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Are Noctilucent Cloulds More Prelevant During Sunspot Minima


frogesque

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Posted
  • Location: Kingdom of Fife: 56.2º N, 3.2º W
  • Location: Kingdom of Fife: 56.2º N, 3.2º W

    Consider the recent beautifull displays and this photo taken on July 11th. 2005 (Milnathort, Kinross). At the time I was hoping to catch a glimpse of aurora (unusual during summer months because of the shot period of darkness) since an Earth directed coronal mass ejection (CME) was due to arrive.

    nc11july05.jpg

    This is another absolutely stunning display that ended with crepuscular rays showing through the pre dawn sky. (I've forgotten when it was taken but it was a few years ago, if I can find out I'll let you know).

    capella.jpg

    NLCs are fairly common at this lat. during the summer months and whilst I can't deny the rececent displays have been great they aren't that rare.

    A few theories exist as to why they seem to be more prelevant at the moment and these range from high level polution from jet and rocket exhaust, sunspot activity (or lack of it) to them being just a normal part of Earth's fascinating variation.

    So, What are the leading theories of board members? Are more folk looking therefore we see and hear more reports or are they a portent of impending doom? :rolleyes:

    Be creative, (but polite as always!)

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    Posted
  • Location: Aberdeen, Scotland
  • Location: Aberdeen, Scotland

    http://www.newscientist.com/article/dn1723...-this-year.html

    'Although the average number of noctilucent clouds has been increasing in recent decades, their abundance also seems to rise and fall with the sun's 11-year cycle of activity. The clouds thrive when the sun is quiet and spews less ultraviolet radiation, which can destroy water needed to form the clouds and can keep temperatures too high for ice particles to form.'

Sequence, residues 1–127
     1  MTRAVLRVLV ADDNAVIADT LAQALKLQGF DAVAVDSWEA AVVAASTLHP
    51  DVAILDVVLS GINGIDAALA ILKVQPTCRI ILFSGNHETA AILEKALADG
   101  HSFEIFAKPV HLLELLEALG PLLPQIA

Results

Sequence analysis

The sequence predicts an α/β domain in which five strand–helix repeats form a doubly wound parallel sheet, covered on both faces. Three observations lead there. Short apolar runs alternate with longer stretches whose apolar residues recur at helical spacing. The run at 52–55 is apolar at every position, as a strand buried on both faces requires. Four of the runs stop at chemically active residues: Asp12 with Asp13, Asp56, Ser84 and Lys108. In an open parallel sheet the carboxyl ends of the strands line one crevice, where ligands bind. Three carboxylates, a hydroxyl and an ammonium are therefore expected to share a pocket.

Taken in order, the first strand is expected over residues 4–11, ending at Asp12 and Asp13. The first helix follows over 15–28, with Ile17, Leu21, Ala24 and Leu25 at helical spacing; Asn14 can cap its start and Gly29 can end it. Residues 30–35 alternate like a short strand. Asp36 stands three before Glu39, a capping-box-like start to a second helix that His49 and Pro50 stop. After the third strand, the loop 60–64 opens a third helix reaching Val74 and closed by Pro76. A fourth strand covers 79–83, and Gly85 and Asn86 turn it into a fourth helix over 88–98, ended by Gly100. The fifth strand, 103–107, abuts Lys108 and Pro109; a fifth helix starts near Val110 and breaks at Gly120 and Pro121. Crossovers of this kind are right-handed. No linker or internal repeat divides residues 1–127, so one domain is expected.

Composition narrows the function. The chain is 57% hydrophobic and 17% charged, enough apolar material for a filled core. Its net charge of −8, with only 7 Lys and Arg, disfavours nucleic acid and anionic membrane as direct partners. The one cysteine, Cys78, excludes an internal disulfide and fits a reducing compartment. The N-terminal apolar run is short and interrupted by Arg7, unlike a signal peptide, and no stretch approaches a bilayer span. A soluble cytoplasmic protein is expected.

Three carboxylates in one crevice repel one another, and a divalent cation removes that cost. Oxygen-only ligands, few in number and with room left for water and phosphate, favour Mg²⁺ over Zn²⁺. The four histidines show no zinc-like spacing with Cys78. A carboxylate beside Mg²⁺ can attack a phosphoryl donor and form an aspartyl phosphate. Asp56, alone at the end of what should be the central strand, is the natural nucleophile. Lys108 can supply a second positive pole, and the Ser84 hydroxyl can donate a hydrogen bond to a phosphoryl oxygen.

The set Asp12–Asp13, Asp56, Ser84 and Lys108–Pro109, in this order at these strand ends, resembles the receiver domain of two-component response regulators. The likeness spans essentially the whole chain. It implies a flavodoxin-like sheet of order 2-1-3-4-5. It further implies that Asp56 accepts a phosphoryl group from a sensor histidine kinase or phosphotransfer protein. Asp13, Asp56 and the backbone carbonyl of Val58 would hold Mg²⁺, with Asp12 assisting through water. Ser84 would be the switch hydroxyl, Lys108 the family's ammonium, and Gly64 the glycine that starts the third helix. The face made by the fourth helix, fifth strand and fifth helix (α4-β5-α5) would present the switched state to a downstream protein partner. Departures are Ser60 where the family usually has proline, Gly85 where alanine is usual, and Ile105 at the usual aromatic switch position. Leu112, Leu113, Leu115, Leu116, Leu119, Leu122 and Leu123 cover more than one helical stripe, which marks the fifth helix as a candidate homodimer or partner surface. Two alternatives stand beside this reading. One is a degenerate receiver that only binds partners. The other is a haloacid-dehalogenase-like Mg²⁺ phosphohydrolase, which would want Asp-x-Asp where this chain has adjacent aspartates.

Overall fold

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    Posted
  • Location: Sth Staffs/Shrops 105m/345' & NW Snowdonia 219m/719'
  • Location: Sth Staffs/Shrops 105m/345' & NW Snowdonia 219m/719'

    An interesting thread topic Frog, thanks for opening up the discussion. :)

    Your "grass" theory may have some credance, as before taking an interst in Aurora, I would have probably just put late evening Noctilucent clouds down a bright twilight summer sky. I doubt if I would have given them more than a second glance. I'd never have been up at 3am to see the morning ones, unless rolling in from a late night party! :rolleyes:

    For much the same reason, I'd never knowing seen a Sundog before but I see them all the time now and you know the signs when the conditions are right for them to form and can look out for them.

    It's just a shame Aurora are less common at this latitude but it dosnt always need a solar max to give us a display. Some of the biggest CME's have been near minima.

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    Posted
  • Location: Kingdom of Fife: 56.2º N, 3.2º W
  • Location: Kingdom of Fife: 56.2º N, 3.2º W

    LadyP:

    That makes sense on one level. However, during years of high sun activity the Earth's upper atmosphere is puffed up (technical term :yahoo: ) considerably higher so it should make for higher NLCs that could be seen further south than than the 'normal' 50 -60 deg lat. band.

    Another aspect that might have to be considered is whether they are related in any way to upper atmosphere containing sulphur compounds from volcanic activity (especially those in the Arctic such as Alaska's Kasatochi that erupted in late August 2008 and produced the weird sunsets around that time)

    At the moment I still lean towards the 'grass' theory but I really don't know the answer :whistling:

    I'm going away for a few days but I'll try to keep up if t'other 'arf will let me near a 'puter :whistling:

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    Posted
  • Location: Solihull, West Midlands. UK
  • Location: Solihull, West Midlands. UK

    Even at 52º latitude where I am, I've seen NLC's for 3 consecutive nights in a row and as said previously , I've seen more in the past three nights or so than I have in the past ten years. I think, and doing some research since this thread was posted, sunspot minima does have a very profound effect as regarding atmospheric activity. In this case the Mesosphere where NLC's sit around 50,000ft above the Earth.

    But these have recently been reported from England/Europe, even as low as Virginia in the US. Make the most of if you can guys and gals as by mid July, it's probably all over for another year. :lol:

    Phil.

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